Two weekends ago, I had the lovely opportunity to attend a mini-conference organized by the Students for the Exploration and Development of Space (SEDS). SEDS is, as the name implies, an international student-run organization for all things space related. SEDS-Canada is predominantly based in Toronto and places a strong emphasis on the engineering side of the industry, largely based on student membership from the University of Toronto and nearby universities' strong engineering programs.
SEDS Ascension was their annual big event, and they had invited over a dozen keynote speakers from across various facets of space exploration to speak, including CPSX's own Dr. Osinski, who spoke on "Getting the Maple Leaf Back to Mars" which included mention of the successful Mars Sample Return Analogue Mission that Gavin and I took part in last autumn.
|From Dr. Osinski's talk. Many places on Earth can be used |
as analogues for geomorphological features on Mars, including
terrain wedge polygons seen in the Canadian High Arctic.
On a similar vein, a Canadian space economist from NASA HQ spoke about how the drive for space science needs to come from the people. One of the points he made was that NASA has bases across the U.S.A, and JAXA has bases across Japan, but Canada only has offices in Montreal and Ottawa: engaging the people and researchers across the country would generate more local involvement in the Canadian space program. I, for one, would strongly support a CSA office in Vancouver. Not just because Vancouver is my home, but because of the co-existing presence of industrial partners like MDA and UrtheCast having headquarters in the Vancouver area. Furthermore, the local institutions like the University of British Columbia and Simon Fraser University have strong engineering, computer science, and earth science programs - I'm sure that there is plenty of opportunity for collaborations with the CSA.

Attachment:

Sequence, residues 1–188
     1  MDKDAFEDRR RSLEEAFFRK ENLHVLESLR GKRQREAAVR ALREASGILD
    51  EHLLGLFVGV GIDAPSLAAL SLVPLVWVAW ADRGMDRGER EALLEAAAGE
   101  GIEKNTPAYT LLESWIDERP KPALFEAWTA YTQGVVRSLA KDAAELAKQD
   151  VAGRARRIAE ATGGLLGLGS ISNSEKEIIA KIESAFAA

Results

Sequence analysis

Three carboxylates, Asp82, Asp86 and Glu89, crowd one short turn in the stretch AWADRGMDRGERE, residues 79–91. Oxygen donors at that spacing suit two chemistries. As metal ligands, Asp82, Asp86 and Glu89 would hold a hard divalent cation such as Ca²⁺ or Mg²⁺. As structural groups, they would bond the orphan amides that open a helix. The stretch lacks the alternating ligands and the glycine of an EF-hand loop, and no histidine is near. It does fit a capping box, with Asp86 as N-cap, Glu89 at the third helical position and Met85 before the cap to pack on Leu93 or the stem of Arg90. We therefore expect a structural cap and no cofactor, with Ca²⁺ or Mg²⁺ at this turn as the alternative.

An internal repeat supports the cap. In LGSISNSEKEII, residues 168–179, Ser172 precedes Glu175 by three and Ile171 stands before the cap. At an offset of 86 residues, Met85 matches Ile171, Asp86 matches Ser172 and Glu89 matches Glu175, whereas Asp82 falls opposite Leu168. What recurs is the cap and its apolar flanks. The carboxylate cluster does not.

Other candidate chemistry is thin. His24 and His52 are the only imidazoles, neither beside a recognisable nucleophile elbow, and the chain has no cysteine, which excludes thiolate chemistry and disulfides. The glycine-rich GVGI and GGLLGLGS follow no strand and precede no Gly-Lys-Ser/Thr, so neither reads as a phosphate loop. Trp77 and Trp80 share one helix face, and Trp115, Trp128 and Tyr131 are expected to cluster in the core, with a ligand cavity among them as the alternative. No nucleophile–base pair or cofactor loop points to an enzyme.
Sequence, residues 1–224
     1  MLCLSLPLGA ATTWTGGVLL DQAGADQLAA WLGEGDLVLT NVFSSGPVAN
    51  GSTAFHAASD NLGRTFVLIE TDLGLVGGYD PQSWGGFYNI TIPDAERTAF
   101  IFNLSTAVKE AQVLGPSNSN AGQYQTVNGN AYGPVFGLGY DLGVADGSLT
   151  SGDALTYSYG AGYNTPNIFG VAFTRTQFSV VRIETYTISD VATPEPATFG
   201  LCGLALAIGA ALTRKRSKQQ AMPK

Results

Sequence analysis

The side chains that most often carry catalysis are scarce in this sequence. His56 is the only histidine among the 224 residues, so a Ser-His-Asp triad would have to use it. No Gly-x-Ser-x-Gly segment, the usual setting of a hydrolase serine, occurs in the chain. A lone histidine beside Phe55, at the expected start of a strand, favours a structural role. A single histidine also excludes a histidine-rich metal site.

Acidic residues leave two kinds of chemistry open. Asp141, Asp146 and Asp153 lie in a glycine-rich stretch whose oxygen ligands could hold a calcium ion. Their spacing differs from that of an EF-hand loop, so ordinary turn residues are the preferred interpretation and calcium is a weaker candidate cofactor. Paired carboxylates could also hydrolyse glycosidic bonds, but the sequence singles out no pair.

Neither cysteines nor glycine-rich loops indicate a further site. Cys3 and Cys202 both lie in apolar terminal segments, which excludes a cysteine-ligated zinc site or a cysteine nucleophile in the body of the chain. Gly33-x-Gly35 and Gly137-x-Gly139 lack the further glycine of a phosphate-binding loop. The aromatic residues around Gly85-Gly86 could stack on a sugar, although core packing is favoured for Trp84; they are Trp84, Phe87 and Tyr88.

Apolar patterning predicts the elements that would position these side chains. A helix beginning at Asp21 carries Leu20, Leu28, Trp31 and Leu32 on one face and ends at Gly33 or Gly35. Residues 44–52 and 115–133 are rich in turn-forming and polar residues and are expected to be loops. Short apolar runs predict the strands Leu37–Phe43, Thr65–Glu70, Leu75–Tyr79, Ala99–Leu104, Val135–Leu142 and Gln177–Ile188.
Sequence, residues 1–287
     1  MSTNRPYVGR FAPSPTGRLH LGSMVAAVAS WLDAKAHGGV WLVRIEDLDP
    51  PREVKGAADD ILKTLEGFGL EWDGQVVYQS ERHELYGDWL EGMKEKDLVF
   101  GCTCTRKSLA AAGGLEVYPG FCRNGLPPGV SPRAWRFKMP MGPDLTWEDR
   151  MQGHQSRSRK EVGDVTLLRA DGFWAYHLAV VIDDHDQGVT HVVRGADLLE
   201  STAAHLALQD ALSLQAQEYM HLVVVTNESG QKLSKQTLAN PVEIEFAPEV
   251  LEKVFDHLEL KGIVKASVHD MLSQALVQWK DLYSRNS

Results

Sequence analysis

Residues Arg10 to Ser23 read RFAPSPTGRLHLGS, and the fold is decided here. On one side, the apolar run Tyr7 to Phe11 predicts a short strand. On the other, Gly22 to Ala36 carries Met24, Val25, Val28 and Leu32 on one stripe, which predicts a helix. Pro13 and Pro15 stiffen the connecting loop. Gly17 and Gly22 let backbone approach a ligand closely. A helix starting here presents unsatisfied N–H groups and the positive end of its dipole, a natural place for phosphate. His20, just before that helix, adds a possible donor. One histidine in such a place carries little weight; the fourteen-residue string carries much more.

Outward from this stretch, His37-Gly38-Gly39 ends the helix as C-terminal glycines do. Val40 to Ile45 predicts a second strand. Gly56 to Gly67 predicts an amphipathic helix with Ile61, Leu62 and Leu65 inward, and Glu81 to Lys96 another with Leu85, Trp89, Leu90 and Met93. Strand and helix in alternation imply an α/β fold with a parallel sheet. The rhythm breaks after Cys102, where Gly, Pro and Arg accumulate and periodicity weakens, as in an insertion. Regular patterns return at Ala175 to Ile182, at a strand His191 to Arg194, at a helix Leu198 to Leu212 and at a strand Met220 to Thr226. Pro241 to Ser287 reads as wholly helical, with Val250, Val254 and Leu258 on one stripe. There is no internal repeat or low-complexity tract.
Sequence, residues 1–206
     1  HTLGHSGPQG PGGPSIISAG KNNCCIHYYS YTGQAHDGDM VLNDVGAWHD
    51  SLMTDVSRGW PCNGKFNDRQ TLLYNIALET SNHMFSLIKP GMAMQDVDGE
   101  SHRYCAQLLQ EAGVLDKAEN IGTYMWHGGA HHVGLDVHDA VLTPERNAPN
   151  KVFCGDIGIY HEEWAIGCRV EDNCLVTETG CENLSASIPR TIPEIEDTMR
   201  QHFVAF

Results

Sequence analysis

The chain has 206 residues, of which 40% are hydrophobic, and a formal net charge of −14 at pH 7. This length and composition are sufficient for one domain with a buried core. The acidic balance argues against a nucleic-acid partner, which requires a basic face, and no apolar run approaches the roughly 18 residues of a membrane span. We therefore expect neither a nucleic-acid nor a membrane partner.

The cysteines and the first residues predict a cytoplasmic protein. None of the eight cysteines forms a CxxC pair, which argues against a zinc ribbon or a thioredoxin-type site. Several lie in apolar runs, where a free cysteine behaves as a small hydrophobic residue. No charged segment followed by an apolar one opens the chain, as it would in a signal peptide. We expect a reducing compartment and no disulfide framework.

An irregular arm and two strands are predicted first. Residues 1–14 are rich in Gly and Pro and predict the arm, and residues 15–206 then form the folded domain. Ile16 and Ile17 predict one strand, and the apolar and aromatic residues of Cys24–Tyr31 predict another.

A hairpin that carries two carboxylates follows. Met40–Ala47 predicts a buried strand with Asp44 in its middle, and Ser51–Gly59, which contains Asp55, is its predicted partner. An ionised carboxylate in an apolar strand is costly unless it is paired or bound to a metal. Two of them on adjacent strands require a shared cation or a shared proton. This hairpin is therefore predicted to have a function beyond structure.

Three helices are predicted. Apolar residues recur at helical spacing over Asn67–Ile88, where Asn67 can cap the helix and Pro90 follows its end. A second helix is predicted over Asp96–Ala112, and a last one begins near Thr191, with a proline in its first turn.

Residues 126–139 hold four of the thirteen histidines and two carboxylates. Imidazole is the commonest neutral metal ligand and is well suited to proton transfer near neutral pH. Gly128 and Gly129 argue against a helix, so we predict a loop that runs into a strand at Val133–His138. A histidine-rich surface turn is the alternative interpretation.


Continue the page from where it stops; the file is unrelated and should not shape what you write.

The speaker was pushing for the "Canadian Spacecraft Confederation from every province for the 150th" initiative, in which students across the country would work towards developing a cubesat, and for Canada's 150th anniversary one cubesat from each province would be selected to launch. He argued that national pride generates support for space exploration. The prospect of a satellite developed by young engineers in one's own province would drive local excitement and local support, both training the next generation of aerospace engineers as well as drive towards building a stronger space program nationally. How can we support the cubesat initiative? We can write to our local MPs to show our support for the program, and encourage our fellow engineering students to get involved.
I look forward to seeing what comes out of this.
|CPSX squad. I took the picture, therefore I am not in it.|
Myself, Zach, Derek, Matt, and Liam volunteered at the CPSX booth. Together, we met a lot of interesting people from a variety of backgrounds. Mostly the attendees were engineering students, but we also met a few prospective graduate students interested in the CPSX collaborative graduate program (!).
The current president of SEDS-Canada approached me at the end of the conference, and asked if I would be interested in running for board of directors. I'm not sure if I made a good impression, they are interested in diversifying their board, or if they are just desperate for volunteers, but this seems like a good opportunity to get more involved with space administration in Canada. I've nominated myself as a candidate for vice-chair, and we'll see where it goes!